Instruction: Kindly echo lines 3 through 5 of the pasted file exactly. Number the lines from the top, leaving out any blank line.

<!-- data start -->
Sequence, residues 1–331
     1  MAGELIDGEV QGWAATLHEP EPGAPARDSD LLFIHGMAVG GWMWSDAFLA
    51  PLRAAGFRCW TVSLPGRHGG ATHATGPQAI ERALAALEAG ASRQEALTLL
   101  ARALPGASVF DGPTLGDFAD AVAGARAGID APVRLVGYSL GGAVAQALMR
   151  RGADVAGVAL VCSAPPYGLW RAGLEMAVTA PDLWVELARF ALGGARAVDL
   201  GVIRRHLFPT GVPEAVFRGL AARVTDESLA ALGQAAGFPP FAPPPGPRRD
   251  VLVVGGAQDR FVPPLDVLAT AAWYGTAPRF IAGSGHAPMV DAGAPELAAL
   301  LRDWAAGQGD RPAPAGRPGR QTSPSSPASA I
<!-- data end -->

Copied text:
    51  PLRAAGFRCW TVSLPGRHGG ATHATGPQAI ERALAALEAG ASRQEALTLL
   101  ARALPGASVF DGPTLGDFAD AVAGARAGID APVRLVGYSL GGAVAQALMR
   151  RGADVAGVAL VCSAPPYGLW RAGLEMAVTA PDLWVELARF ALGGARAVDL